‘It’s impossible to look for paid work if you’re homeless and hungry’
AUSTRALIA faces a wage crisis with low paid workers and their families in danger of falling into poverty, according to the chairman of the Australian Catholic Social Justice Council, Parramatta Bishop Vincent Long Van Nguyen.
In his annual pastoral letter for the Feast of St Joseph the Worker delivered on May 1, Bishop Long called for an urgent increase in minimum wages and the Newstart Allowance.
He also took aim at the rise of the “gig economy”, characterised by temporary jobs and part time contracts as contributing to Australia’s job insecurity.
“Currently we are facing a wage crisis. Since 2012, wages growth has slumped to record lows, with increases of only two per cent each year – well below previous levels of 3.5 per cent,” he said.
“This stagnation is affecting all states and territories, all industries and all categories of job.”
According to the Australian Council of Social Service, Newstart, at $278 a week, and related payments haven’t increased in real terms in the last 24 years.
“They are now so low people cannot afford basic necessities like housing, meals, bills and transport, even if they get Rent Assistance,” ACOSS posted on its website this week.
“We need to Raise the Rate so everyone has a roof over their head and food on the table.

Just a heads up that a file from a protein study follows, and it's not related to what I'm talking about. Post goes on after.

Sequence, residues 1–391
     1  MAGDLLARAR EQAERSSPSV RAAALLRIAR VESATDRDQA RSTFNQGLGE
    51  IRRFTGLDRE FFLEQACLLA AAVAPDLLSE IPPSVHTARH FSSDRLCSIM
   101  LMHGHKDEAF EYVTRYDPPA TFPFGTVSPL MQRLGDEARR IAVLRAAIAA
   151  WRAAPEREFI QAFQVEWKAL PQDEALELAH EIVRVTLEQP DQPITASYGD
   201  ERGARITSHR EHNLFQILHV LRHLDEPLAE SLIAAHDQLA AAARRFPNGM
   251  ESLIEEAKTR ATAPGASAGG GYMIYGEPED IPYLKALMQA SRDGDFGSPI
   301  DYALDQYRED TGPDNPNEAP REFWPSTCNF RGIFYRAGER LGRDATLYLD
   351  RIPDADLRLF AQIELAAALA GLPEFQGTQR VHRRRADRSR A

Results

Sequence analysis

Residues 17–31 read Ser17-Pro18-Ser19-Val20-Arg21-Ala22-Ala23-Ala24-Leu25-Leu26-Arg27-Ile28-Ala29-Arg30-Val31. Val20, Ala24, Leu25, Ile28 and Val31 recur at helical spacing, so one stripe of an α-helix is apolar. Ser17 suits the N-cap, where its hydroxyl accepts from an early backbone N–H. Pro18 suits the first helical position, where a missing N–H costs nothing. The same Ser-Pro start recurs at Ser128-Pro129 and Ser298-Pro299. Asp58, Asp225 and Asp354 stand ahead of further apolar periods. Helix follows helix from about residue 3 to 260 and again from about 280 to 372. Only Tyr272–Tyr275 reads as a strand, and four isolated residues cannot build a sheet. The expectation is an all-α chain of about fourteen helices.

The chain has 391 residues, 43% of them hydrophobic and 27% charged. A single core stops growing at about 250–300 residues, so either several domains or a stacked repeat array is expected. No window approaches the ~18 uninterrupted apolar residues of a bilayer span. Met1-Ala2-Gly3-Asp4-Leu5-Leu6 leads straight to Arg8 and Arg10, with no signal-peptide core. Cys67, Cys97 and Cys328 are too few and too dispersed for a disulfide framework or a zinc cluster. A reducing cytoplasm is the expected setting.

“Because it’s impossible to look for paid work if you’re homeless and hungry.”
Bishop Long pointed to estimates that 1.5 million workers faced poverty or the risk of it, while there were almost two million people who were unemployed or who have withdrawn from the labour market completely.
He said workers’ bargaining power had been eroded by threats from automation and overseas competition, dwindling trade union membership and tight restrictions on industrial action.
Also, the “gig economy” has taken hold in Australia, according to the 2016 census data.
Today, one in three working Australians are employed part-time, up three per cent since 2011.
A quarter of a century ago, just one in 10 were employed part-time.
Australia ranks only behind Switzerland and the Netherlands as having the highest proportion of workers employed part-time.
“These are the kind of structural issues holding back significant wage increases now and for the foreseeable future,” Bishop Long said.
“This poses challenges not just for workers and their families, but for the strength of the economy and the health of our society.”
While wages have stagnated since 2012, costs such as childcare, electricity, gas, health and education have increased between three and five times average consumer price increases.
“Most families are feeling the pinch, but the most vulnerable, including the working poor, are finding it virtually impossible to make ends meet,” Bishop Long said.
“Building an economy that is inclusive and serves all is a key challenge of our times. For the common good, Australia needs a new consensus between government, business and workers to solve the current impasse of wage stagnation.”